Role of Taverns in Colonial cities-
Taverns acted as public houses where men gathered to eat, drink, smoke, socialize and hear news.
They were also centers for politics, business
transactions, distribution of pamphlets, and delivery of mail.
As numbers of taverns and people increased, some taverns began to cater to certain
In most cities it was considered improper for women to drink in a tavern.
Free blacks in early/mid 19
Post revolution- many African American slaves obtained their freedom and relocated to cities in large numbers.
Cities became centers of opportunity
for blacks in terms of marriage, family, education, church, schools and social groups.
Some men worked as mariners or artisans, but most were
unskilled labor, while most women were domestic servants, produce sellers, or prostitutes.
Blacks moved to establish themselves as a distinguished
group and worked to gain political power in some cities.
As this free black population grew, so did social conflict as whites used legislation to limit
the rights of free blacks.
Zoning became principal activity of planning commissions in 1920’s.
It identified patterns of land use, traffic, health, lighting, utilities, and other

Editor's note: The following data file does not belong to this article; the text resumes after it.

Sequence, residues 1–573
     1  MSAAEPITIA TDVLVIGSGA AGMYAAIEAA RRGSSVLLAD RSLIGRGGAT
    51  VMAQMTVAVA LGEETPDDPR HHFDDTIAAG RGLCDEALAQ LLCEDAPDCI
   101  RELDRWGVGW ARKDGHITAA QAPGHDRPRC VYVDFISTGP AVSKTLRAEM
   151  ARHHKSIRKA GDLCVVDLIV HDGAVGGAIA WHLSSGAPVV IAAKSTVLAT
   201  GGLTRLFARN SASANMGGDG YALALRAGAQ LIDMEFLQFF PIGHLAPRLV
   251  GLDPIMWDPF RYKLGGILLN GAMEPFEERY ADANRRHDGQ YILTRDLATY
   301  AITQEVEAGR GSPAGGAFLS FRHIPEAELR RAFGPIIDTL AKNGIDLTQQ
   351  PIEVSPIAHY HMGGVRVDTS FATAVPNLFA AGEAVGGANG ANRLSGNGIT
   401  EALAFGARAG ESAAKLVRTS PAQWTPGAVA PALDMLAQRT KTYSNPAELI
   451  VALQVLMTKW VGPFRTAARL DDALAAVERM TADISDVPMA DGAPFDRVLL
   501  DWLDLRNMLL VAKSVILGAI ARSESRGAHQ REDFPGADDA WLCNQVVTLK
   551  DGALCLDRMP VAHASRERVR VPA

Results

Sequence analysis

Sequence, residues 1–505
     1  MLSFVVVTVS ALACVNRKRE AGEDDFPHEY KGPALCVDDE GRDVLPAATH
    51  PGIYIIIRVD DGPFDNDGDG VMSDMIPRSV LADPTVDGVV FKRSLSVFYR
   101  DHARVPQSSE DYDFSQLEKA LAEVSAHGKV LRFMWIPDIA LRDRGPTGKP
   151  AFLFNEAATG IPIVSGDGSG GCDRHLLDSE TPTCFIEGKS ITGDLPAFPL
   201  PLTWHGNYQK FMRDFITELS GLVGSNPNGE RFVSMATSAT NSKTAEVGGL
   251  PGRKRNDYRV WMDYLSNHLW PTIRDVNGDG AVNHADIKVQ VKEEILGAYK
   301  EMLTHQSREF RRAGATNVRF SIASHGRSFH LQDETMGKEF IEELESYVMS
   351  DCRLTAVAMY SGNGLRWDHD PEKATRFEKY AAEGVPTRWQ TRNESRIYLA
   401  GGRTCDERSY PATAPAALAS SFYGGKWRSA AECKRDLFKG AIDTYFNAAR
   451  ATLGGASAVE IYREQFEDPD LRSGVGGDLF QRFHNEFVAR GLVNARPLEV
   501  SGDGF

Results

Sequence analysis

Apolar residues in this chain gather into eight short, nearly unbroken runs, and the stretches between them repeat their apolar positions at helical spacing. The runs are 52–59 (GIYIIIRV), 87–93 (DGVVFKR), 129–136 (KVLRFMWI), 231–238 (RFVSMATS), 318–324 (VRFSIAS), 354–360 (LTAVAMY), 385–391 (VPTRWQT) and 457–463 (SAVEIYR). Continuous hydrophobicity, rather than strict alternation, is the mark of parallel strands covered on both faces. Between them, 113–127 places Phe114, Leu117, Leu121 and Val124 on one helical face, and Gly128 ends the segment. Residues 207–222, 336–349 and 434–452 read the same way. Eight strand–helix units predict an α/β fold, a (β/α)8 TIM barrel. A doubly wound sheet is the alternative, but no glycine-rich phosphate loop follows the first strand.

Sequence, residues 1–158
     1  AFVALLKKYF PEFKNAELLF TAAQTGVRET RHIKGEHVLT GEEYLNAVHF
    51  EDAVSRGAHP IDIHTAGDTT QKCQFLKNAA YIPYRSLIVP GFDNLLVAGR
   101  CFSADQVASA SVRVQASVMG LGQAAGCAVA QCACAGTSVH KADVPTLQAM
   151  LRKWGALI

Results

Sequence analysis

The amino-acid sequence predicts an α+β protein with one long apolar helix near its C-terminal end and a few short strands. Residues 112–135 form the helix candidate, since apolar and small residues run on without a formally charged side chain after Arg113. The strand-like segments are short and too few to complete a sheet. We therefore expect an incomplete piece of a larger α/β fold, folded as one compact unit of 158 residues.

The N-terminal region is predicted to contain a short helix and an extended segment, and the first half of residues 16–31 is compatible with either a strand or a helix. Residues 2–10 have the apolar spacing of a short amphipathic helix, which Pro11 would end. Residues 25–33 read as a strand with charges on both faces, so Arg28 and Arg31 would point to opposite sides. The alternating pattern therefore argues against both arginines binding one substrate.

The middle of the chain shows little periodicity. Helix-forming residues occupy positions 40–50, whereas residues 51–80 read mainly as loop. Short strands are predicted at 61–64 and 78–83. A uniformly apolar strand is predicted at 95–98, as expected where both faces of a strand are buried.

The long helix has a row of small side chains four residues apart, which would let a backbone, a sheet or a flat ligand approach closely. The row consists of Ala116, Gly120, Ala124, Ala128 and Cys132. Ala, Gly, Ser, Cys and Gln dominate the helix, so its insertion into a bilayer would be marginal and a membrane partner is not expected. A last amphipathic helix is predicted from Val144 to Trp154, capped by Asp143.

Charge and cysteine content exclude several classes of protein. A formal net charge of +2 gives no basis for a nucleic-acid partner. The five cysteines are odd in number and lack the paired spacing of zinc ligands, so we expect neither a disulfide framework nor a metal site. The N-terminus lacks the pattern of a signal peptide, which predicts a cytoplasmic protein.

aspects of urban environment.
Good for systematic land use, but could not solve all problems of city life such as poor housing, crime, or quality of
Initial zoning separated uses and led to homogenous land use patterns.
Frederick Law Olmsted
(1822 - 1903) - Known as the founder of American Landscape Architecture. Born in Hartford Connecticut, he never fully attended college but was a
very learned man. His start to landscape architecture began when he was appointed as the Supernintendent for Central Park in New York City. He
also served as the Executive Secretary of United States Sanitary Commission to aid the soldiers during the Civil War. Some of his notable works
include Niagra Reservation, the Emerald Necklace (Boston), and the 1893 World's Fair in Chicago.
1901 Tenement House Act
A breakthrough tenement reform bill. Set new standards for light, ventilation ,and toilet facilities. Also required older buildings to improve living
Emerged from the work of Lawrence Veiller
El (Elevated railways)
A strategy undertaken by some of the more congested American cities by which elevated tracks were constructed to give unrestricted right of way to
While NYC had a steam-powered El in the 1870s, it was Frank Sprague’s invention and application of electrical power that allowed the el to
The canal was constructed between 1817 and 1825 and linked the Hudson River to the Great Lakes. This in turn provided for a growth in western
markets and brought more business to New York City. The construction of the canal sparked actions from Philadelphia, Baltimore, and Boston in
constructing their own transportation lines that stretched westward. One of the final results where the Baltimore, Ohio, and Pennsylvania railroads.